AI as an apparatus that follows simple instructions or algorithms computed by humans will not become a threat at all. On the contrary free more tedious, time-consuming jobs, getting works done more effectively, precisely, and a lot faster. I had this typical “hope statement” when I first started the readings. According to the crash course videos, the concept of AI has already been applied to many fields. And it’s making profound progress, from the financial area like loan landing to the medical industry as x-ray examine. Like many AI users, even people with zero programming backgrounds involuntary interact and negotiate with AI every day. As what’s going on behind these screens and machines remains as a Blackbox, the media and businesses took this advantage for making more profit. They exaggerated AI from a device that runs on code written by the human to an independent thing that generates and runs on its own code. However, in fact, those smart machines we use for the daily advance are not even near to the actual concept of AGI. As Michael Wooldridge mentioned in his book A Brief History of Artificial Intelligence, it took us decades from zero to one. The AI we are concerned to wipe out entire human beings is nothing more than machines for following instructions. Like the Youtuber, John Green presented in his video about how his robot companion can recognize his face but won’t be able to perform meaningful conversations or censoring and proving appropriate responses in an environment without receiving specific instructions.
Do less humans make AI useless and less threatened to humans? Like Professor Irvine said: “American has a long history of creating a ‘new’ technology with a combination of hype, hope, and hysteria.” AI wiping out human beings is unwavering faith, but a matter of time. That’s my “hysteria” statement after I watched Ethem Alpaydin’s Machine Learning: The New AI and the documentary Do You Trust This Computer. Michael Wooldridge believes AI is hard to exceed human intelligence because AI requires tremendous space and power to process such a massive amount of data. And look back to history, what we have achieved today took much more effort and experienced more failures than we could imagine. However, like the Youtuber John Green said: “History reminds us that revolutions are not many events as they are processed.” In other words, no matter how long it took us from inventing a room large fast calculator to a pocket-small smartphone, it only takes us a happening of singularity to develop an AI to a real AGI. For example, the happening of the big bang and the first existence of living creatures.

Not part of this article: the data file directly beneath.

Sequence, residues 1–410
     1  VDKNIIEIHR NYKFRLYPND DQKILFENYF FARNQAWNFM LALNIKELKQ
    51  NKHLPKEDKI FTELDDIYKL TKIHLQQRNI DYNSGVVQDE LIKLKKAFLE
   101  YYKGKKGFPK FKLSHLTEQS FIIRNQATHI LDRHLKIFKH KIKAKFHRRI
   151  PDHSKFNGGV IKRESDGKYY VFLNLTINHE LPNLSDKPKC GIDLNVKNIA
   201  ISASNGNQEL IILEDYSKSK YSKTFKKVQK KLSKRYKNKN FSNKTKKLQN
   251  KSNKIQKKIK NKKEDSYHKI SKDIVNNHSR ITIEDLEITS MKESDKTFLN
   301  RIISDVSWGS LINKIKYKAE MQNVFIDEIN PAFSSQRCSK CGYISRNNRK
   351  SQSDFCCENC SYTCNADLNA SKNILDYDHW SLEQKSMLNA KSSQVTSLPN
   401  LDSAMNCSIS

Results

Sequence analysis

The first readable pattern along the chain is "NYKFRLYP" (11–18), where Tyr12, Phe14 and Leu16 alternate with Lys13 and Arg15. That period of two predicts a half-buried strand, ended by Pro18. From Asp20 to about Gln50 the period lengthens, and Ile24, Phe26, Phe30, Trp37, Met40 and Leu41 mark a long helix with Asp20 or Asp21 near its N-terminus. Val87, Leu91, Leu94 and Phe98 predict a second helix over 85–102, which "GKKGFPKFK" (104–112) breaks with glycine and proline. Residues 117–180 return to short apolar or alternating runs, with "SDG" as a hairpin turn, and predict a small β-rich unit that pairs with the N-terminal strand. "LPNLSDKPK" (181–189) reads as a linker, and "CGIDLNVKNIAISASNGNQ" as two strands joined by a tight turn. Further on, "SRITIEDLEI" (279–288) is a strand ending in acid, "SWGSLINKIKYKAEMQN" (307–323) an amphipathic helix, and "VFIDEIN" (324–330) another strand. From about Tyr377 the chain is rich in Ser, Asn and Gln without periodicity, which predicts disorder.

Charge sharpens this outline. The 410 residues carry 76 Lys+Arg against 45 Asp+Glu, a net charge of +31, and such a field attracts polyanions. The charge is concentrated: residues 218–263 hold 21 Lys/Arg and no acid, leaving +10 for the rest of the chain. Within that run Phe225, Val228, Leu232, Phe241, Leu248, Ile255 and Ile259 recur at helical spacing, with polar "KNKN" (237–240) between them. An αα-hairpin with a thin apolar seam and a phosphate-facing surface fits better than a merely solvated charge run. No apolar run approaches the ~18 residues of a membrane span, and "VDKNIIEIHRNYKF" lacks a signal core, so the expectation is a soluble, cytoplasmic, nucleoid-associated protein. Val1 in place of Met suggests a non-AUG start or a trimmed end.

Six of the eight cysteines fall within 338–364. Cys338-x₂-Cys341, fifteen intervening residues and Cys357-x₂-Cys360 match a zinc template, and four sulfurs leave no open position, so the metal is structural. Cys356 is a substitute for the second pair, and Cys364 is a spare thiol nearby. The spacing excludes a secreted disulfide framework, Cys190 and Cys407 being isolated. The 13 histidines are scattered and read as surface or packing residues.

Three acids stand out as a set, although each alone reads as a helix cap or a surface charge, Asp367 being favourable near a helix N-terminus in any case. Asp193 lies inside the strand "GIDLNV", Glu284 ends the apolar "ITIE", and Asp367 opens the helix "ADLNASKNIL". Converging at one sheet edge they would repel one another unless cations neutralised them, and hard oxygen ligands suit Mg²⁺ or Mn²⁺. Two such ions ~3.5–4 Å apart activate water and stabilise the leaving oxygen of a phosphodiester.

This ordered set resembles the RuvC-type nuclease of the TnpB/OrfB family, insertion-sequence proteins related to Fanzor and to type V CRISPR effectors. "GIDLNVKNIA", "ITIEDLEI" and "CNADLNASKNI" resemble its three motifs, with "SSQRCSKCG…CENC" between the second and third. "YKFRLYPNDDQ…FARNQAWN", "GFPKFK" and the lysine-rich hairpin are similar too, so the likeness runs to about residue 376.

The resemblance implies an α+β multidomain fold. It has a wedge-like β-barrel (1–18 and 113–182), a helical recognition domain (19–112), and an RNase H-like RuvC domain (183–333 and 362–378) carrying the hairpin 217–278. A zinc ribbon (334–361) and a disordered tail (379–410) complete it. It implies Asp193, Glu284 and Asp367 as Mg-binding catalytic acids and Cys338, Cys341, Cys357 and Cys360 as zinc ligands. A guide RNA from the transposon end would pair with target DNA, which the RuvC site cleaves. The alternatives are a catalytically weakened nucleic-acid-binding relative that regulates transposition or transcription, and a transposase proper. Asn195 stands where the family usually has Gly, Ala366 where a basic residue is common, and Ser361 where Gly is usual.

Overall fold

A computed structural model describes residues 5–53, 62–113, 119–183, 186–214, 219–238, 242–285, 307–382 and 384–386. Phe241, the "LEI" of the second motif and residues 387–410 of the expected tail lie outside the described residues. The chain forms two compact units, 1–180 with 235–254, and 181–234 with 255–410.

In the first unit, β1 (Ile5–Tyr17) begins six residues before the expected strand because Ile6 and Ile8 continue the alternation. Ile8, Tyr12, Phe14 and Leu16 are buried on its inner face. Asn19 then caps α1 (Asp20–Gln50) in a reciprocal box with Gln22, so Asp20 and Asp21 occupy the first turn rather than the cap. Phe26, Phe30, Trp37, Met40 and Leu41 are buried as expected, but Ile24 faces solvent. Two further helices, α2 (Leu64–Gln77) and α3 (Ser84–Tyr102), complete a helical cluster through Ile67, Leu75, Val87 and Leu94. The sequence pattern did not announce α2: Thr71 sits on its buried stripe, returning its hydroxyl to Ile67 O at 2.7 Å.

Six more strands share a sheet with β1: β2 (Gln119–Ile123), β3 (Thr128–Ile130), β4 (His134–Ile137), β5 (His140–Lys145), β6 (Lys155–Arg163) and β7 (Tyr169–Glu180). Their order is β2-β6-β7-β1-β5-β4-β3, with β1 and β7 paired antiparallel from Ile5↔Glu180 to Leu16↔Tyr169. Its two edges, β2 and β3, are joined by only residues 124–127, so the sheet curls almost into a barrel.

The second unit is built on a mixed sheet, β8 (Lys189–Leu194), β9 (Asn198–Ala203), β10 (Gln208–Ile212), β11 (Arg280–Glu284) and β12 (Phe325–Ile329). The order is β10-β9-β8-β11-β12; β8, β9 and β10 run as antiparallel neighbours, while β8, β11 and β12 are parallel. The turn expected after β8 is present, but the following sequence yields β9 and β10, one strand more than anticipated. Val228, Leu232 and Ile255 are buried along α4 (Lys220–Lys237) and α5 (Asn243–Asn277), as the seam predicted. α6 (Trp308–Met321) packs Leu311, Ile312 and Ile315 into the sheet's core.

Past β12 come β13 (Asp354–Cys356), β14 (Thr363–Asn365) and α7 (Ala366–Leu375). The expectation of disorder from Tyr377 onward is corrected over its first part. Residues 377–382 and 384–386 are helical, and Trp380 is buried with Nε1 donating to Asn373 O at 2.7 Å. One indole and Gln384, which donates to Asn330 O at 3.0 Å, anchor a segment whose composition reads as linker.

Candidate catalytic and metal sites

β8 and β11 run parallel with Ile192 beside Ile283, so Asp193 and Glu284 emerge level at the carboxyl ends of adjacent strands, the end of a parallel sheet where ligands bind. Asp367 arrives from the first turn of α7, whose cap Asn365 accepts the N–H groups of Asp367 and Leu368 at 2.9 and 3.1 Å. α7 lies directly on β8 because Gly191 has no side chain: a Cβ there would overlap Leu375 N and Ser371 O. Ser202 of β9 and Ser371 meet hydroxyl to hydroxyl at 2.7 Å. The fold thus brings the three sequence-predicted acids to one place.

The singularity of AI development somehow reminds me of the studies of giraffes. Research indicates that giraffes’ necks were just as short as other animals at the very beginning. However, due to climate change (the causing remains as myth, but climate change is considered as one of them), there were fewer eatable plants left on the ground, so these short neck giraffes were forced to grew longer necks to achieve the food from upper places, along with an extra blooding pumping organ to help their hearts send sufficient blood through their extreme long neck to their heads. However, from all the fossils we discovered, we could only find the origin short neck giraffes. Still, not one fossil indicates any of their evolution processes like a mid-long neck giraffe. (Sounds so irrelevant, it just occurred to me).
And the last I want to say after I examined all the materials is that they don’t necessarily need to be smarter than us to destroy us. Like a nuclear bomb, they are not smart but can wipe out the entire creature by a mistake made by human beings.